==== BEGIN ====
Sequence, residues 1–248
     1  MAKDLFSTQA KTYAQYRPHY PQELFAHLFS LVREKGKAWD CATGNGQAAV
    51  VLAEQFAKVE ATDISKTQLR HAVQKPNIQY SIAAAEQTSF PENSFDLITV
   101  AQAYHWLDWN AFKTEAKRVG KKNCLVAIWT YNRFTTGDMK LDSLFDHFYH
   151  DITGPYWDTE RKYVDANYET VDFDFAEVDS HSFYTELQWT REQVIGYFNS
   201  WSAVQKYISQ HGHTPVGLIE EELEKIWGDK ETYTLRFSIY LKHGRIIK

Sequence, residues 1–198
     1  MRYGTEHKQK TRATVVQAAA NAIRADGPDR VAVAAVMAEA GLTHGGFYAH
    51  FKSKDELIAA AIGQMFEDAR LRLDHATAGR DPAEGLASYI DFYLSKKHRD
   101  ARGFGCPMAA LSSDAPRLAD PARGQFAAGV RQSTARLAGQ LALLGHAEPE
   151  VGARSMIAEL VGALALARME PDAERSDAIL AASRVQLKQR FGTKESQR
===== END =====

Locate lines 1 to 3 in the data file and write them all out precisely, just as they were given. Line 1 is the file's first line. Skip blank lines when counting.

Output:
Sequence, residues 1–248
     1  MAKDLFSTQA KTYAQYRPHY PQELFAHLFS LVREKGKAWD CATGNGQAAV
    51  VLAEQFAKVE ATDISKTQLR HAVQKPNIQY SIAAAEQTSF PENSFDLITV